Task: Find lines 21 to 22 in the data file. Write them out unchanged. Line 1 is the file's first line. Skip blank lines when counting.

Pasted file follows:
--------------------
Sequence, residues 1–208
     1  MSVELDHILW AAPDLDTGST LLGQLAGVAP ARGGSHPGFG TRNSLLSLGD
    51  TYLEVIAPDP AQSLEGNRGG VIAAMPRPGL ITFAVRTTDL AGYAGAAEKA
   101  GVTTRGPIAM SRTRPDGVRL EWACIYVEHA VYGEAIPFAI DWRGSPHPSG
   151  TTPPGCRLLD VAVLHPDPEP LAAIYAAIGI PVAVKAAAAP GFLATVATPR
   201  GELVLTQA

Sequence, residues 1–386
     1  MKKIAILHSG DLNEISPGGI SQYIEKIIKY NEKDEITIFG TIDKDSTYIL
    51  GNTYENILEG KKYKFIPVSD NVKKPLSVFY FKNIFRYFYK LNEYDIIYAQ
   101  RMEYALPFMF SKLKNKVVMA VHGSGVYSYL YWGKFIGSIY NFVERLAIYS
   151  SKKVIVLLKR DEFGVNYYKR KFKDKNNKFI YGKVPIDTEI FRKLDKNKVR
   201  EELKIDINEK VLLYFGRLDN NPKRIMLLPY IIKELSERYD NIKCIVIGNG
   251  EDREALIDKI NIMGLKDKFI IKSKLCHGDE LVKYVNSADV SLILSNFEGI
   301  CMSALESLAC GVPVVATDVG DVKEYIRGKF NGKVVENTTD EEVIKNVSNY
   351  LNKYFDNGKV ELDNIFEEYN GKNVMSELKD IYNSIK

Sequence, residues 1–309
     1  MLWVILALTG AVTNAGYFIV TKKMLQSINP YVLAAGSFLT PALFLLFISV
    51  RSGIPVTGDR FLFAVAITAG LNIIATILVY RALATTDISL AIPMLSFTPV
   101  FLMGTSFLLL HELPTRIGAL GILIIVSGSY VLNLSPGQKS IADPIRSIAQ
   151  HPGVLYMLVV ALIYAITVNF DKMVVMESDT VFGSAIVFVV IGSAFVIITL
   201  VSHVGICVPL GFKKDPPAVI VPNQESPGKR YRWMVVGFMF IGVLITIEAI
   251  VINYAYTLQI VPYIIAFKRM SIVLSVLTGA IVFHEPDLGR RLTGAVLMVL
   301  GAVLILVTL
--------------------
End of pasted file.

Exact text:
   201  VSHVGICVPL GFKKDPPAVI VPNQESPGKR YRWMVVGFMF IGVLITIEAI
   251  VINYAYTLQI VPYIIAFKRM SIVLSVLTGA IVFHEPDLGR RLTGAVLMVL